# Induction on Connected Graphs

• Apr 25th 2010, 11:53 AM
geometrywiz
Induction on Connected Graphs
If anyone could give any suggestions or help me solve this it would be greatly appreciated!

Problem Use induction to prove the following theorem. For the purposes of this question, a graph is a finite set of points in the plane, some of which are connected by straight line segments, none of which intersect. A
graph is connected if you can get from any point of the graph to any other by going on the line segments.

Theorem. Suppose G is a connected graph. Then
vG + rG = eG + 2 (1)
where
 vG is the number of points.
 rG is the number of regions (counting the in nite outside area as one region).
 eG is the number of line segments.

The proof may use any of the following facts:
Fact. If G is any connected graph, then at least one of the following is true:
1. G has only one point (and so has no lines and one region).
2. G has at least one edge with one free end, so that removing that edge and the free point will still leave
a connected graph (with the same regions as before).
3. G has an edge which can be deleted, without removing any points, leaving a connected graph and merging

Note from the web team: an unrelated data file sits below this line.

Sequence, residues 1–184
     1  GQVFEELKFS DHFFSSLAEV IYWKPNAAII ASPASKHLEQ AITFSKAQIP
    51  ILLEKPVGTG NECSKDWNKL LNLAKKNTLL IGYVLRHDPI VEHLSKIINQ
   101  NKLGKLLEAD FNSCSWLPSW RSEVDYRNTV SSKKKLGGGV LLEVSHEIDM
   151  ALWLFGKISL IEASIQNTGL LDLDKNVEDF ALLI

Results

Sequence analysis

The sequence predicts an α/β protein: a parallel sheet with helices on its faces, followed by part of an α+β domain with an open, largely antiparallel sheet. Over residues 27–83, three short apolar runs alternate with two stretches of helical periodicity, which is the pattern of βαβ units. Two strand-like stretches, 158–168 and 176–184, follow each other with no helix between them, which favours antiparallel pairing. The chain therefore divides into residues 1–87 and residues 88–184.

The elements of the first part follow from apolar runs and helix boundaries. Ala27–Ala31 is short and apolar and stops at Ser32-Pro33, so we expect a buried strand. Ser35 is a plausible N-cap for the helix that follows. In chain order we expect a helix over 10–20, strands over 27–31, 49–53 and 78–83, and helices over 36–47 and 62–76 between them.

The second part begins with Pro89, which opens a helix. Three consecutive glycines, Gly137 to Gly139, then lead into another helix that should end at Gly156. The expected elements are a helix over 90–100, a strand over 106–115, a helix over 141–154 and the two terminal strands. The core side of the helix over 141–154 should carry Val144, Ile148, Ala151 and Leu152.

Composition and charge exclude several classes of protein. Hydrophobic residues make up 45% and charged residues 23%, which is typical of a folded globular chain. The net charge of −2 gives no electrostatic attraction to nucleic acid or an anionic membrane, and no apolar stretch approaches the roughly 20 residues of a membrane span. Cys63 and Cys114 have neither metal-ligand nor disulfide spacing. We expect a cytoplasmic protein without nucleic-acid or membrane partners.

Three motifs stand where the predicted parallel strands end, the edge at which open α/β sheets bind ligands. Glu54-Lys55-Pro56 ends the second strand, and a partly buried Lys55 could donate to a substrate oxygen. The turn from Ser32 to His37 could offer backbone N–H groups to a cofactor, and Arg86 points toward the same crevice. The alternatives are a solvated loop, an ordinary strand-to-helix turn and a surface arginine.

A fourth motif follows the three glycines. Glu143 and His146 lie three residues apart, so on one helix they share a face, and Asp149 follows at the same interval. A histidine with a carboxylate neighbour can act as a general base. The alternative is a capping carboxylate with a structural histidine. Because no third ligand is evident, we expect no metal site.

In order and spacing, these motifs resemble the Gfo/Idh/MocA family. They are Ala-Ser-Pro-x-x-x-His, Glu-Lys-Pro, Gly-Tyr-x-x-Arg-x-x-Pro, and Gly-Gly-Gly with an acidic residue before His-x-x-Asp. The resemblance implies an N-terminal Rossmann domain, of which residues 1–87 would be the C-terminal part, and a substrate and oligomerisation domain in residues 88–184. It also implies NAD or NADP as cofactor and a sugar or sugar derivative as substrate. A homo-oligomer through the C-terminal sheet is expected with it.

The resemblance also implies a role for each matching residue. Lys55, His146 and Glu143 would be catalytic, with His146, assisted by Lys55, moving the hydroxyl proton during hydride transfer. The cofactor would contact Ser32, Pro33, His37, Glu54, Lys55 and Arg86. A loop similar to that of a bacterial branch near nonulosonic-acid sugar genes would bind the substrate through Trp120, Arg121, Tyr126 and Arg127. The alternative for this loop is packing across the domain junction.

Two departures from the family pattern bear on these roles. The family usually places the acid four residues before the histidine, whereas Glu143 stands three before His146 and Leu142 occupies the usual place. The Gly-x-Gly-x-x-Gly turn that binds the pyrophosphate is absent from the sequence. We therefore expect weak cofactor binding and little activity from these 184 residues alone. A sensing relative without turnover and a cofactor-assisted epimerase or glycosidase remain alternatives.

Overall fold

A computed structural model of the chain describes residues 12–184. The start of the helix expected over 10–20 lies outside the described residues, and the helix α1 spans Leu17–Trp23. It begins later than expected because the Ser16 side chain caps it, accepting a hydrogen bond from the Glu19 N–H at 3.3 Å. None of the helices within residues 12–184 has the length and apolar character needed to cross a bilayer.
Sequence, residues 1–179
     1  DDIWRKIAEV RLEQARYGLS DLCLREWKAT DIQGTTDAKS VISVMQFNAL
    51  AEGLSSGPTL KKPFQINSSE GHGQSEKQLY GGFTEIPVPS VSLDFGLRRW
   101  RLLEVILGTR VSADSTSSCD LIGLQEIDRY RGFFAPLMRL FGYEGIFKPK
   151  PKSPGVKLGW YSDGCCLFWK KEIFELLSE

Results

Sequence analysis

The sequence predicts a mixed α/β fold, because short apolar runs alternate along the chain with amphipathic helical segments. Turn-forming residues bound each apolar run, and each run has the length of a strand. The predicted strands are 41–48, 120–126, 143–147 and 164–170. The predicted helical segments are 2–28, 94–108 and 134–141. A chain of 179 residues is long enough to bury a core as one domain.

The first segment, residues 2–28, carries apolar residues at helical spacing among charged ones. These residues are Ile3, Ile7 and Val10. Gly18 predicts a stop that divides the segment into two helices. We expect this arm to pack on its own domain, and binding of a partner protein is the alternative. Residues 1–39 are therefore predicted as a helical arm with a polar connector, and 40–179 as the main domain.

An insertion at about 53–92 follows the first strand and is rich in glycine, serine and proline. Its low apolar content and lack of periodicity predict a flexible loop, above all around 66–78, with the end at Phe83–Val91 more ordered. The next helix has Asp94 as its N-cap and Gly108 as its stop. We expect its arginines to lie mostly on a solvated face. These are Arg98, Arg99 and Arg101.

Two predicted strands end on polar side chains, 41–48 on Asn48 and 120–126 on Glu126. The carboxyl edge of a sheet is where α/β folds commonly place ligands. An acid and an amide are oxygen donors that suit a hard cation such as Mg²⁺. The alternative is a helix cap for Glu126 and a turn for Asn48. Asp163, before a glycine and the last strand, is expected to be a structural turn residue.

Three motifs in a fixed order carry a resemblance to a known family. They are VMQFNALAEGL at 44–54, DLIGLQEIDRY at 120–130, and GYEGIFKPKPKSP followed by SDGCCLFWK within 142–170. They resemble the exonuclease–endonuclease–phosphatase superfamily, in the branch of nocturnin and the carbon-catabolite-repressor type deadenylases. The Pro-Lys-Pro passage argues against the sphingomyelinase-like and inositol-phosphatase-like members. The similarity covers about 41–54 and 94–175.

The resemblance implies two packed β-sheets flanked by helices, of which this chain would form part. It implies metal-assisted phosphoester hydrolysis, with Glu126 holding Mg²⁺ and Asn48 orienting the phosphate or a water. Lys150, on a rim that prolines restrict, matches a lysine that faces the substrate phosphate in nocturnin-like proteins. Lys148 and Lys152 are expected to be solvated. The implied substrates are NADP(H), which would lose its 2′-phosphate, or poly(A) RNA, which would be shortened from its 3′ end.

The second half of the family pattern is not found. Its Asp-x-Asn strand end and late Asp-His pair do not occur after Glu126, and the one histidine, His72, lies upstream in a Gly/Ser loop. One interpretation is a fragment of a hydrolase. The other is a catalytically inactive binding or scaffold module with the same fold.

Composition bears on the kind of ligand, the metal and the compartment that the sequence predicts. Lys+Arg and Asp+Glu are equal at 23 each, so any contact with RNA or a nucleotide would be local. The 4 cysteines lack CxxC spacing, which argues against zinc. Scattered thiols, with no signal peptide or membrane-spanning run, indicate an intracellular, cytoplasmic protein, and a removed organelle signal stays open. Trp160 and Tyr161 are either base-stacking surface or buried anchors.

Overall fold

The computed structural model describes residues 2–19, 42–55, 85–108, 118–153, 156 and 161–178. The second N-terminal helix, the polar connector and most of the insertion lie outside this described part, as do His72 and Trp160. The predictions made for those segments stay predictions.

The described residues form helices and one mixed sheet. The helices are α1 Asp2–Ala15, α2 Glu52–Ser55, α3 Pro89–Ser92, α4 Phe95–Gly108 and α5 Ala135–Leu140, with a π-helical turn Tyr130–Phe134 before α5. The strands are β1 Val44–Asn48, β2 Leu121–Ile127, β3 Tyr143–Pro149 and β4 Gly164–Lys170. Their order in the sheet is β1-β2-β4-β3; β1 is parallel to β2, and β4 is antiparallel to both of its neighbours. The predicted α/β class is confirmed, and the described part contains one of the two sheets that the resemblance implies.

two regions of the original graph into one region.

Thanks again.
• Apr 25th 2010, 12:37 PM
Plato
Quote:

Originally Posted by geometrywiz
If anyone could give any suggestions or help me solve this it would be greatly appreciated!

Problem Use induction to prove the following theorem. For the purposes of this question, a graph is a finite set of points in the plane, some of which are connected by straight line segments, none of which intersect. A
graph is connected if you can get from any point of the graph to any other by going on the line segments.

Theorem. Suppose G is a connected graph. Then
vG + rG = eG + 2 (1)
where
 vG is the number of points.
 rG is the number of regions (counting the in nite outside area as one region).
 eG is the number of line segments.

That is Euler's Formula for faces & edges of a planar graph.
That webpage has a complete disscussion.